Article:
In This Article Catholic Epistles

  • Introduction

Biblical Studies Catholic Epistles
by
Peter H. Davids
  • LAST REVIEWED: 20 September 2016
  • LAST MODIFIED: 29 April 2015
  • DOI: 10.1093/obo/9780195393361-0018

Introduction

Alongside the four Gospels, Acts, the Pauline letters (which often included Hebrews) and the Apocalypse, the Catholic Epistles (also known as the General Epistles) form the fifth collection of works the New Testament. While James, 1–2 Peter, 1–3 John, and Jude were all known at an early period in the history of the Christian Church and sometimes combined along with other works in a single codex, the Bishop and Church Father Eusebius of Caesarea (Historia Ecclesiastica 2.23.25, in the early 4th century CE) was the first to explicitly group these seven letters as “the Epistles called Catholic” or Catholic Epistles. He grouped them since none of them is addressed to a single named church and so they are catholic (in the sense of “universal”) or general. About the same time, the great 4th-century codices Sinaiticus and Vaticanus featured the seven in the same order as they are found in most New Testaments today. This collection of seven disparate works from multiple authors became a standard part of the New Testament canon, grouping, as it does (if one accepts the traditional attribution of the works), two of Jesus’ apostles (Peter and John); James, the brother or relative of Jesus (whom later tradition also identified as one of the Twelve); and his brother Jude (called “the brother of James”). The order of the books deliberately brackets Peter and John between the bookends of the third “pillar” of the Jerusalem Church (Gal 2:9) and his brother. This bibliography entry will be broken down into treatments of multiple works and then treatments of each work or group of works.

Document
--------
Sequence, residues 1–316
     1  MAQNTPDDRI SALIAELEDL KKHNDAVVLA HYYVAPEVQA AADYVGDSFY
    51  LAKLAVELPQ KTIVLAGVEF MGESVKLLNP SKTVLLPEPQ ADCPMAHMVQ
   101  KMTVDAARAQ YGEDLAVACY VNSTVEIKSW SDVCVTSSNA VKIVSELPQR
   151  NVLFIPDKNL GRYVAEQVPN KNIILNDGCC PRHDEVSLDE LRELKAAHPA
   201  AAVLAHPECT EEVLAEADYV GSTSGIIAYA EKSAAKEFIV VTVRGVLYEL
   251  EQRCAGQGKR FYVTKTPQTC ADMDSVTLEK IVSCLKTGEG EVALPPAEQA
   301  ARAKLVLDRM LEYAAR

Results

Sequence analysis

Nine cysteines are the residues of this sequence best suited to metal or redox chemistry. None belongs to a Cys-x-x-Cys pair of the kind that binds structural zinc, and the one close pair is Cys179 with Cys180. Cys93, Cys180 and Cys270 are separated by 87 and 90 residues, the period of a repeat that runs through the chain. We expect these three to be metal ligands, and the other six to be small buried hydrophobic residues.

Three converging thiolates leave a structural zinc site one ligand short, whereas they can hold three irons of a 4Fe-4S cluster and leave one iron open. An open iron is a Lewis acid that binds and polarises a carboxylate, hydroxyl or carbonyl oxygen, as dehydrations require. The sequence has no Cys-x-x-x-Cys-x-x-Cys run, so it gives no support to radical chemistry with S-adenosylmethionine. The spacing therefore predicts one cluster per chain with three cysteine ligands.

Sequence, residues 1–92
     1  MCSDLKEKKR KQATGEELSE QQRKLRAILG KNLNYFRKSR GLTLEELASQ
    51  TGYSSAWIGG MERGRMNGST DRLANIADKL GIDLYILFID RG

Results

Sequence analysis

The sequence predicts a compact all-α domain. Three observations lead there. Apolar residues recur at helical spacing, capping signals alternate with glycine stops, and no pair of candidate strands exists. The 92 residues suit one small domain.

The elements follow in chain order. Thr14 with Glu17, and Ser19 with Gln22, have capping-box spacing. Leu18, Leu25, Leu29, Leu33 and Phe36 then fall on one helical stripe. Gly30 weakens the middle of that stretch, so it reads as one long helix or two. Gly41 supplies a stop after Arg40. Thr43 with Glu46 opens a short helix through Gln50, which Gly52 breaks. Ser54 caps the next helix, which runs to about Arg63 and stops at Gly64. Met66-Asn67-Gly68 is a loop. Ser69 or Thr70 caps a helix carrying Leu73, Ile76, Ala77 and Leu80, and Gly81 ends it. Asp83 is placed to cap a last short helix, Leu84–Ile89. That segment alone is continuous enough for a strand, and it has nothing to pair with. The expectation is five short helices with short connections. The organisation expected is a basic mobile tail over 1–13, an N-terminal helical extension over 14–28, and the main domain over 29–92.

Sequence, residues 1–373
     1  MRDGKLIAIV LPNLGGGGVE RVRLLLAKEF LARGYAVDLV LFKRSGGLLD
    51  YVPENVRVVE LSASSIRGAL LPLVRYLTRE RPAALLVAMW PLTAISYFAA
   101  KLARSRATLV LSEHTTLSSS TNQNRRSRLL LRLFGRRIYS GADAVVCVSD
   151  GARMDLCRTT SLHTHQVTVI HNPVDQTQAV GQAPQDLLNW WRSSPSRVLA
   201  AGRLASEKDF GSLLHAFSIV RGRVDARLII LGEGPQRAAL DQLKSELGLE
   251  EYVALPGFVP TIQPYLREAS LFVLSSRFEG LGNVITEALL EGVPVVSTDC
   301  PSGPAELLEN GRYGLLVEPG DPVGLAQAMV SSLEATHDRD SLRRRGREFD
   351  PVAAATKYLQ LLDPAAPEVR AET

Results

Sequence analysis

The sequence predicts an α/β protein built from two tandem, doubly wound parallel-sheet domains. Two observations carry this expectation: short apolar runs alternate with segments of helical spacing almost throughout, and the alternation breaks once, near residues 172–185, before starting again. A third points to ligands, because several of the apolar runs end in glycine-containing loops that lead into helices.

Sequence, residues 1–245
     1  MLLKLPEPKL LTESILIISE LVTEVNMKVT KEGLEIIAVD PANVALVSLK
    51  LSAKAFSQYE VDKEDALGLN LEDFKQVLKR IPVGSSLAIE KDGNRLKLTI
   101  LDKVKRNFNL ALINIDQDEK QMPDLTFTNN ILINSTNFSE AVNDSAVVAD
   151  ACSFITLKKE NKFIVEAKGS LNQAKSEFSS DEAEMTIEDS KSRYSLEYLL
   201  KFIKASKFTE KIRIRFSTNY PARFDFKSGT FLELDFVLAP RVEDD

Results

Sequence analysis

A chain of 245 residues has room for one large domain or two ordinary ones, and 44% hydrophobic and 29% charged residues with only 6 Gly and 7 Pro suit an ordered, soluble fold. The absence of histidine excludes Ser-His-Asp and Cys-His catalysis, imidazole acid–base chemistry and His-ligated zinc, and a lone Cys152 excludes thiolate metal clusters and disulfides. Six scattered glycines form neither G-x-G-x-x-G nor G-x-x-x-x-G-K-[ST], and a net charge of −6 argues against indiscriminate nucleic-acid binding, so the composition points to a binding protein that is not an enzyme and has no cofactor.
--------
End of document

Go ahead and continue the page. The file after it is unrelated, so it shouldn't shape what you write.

General Overviews

Because of the disparate nature of these works, there are few truly general treatments. For the purpose of clarity, these will be divided into two groups: those that treat all seven Catholic Epistles and those that treat only two to four of them.

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